Archaeologists have revealed a group of structures discovered at the famed Mayan Chichen Itza archaeological site in Mexico’s Yucatan peninsula, believed to have been part of a housing complex inhabited by the elite of the sacred city founded in the 5th Century AD.
Archaeologist Francisco Perez Ruiz said there were no known residential groups in Chichen Itza, meaning the housing complex would represent “the first residential group where a ruler lived with his entire family.”
The area, known as Chichen Viejo, is expected to be integrated in the near future into the visitor area of the Chichen Itza archaeological site, a UNESCO World Heritage Site.
The newly discovered complex includes the entrance arch, the House of the Snails, the House of the Moon, and the so-called Palace of the Phalluses.
Researchers from the National Institute of Anthropology and History (INAH) hope that this area and those yet to be uncovered can provide information on what life was like for the people who inhabited the city.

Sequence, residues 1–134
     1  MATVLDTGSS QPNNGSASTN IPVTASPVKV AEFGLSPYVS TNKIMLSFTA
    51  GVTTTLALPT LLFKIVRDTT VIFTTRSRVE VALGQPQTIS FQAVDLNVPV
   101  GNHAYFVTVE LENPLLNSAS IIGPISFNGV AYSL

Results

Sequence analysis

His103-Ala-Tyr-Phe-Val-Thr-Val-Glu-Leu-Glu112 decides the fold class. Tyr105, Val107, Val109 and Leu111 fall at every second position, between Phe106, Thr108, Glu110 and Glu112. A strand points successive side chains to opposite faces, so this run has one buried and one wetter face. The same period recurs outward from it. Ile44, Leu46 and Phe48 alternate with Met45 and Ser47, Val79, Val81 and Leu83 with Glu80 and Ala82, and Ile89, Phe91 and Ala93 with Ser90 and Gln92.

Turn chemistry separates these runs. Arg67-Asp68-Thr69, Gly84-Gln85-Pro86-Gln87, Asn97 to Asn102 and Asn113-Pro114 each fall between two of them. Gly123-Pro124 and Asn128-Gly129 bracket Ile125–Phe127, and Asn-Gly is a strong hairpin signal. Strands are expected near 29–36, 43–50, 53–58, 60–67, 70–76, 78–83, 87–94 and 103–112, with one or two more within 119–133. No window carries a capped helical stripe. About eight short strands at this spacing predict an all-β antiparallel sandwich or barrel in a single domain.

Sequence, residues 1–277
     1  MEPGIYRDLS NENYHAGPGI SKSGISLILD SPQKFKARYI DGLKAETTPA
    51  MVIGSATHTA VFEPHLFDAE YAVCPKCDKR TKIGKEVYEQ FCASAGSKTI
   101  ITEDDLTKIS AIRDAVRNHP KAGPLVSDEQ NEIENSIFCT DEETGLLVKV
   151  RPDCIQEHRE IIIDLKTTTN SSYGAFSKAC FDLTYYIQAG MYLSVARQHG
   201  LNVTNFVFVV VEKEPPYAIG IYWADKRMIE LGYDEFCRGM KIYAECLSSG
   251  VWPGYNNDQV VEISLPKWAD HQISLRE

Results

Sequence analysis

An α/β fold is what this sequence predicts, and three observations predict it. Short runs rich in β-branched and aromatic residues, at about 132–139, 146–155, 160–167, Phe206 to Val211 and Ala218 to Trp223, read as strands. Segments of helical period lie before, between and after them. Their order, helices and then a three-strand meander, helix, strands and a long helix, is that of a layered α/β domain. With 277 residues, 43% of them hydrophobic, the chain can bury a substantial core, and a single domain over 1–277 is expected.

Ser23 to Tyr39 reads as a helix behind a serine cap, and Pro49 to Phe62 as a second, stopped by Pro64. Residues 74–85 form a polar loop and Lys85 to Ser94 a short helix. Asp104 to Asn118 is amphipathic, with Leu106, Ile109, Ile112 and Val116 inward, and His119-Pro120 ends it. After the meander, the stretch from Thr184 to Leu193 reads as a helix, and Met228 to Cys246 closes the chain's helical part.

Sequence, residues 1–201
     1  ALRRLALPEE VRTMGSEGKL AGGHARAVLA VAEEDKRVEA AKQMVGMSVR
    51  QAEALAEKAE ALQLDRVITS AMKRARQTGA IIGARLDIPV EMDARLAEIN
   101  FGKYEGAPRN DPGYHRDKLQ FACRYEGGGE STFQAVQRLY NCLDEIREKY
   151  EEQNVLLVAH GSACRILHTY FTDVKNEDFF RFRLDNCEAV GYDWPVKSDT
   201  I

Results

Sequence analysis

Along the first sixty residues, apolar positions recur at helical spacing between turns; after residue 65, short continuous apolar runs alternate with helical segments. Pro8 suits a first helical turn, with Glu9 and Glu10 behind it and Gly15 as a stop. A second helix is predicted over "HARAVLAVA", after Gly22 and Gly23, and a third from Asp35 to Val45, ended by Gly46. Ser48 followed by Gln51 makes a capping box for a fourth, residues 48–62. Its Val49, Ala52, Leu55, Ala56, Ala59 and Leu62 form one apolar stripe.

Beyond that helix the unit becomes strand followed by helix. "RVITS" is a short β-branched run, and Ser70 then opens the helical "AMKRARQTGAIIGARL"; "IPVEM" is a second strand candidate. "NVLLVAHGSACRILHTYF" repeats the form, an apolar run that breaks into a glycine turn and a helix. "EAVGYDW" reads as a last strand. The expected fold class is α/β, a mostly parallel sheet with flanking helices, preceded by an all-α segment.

“There must be more residential groups that have not been explored yet. The study of these peripheral groups, around the central part, could tell us about other families, other groups that made up this great city,” said archaeologist Jose Osorio Leon.
The area has been under exploration since 1998. In 2018, a second pyramid was discovered hidden deep within the famous Kukulkan pyramid.
Around 2 million people visit Chichen Itza site in southeast Mexico each year, according to official data.
It was founded as a Mayan pilgrimage center by the Itza, or “water sorcerers.”
Top: Casa de la Luna at Chichen Viejo. Photo by Reuters.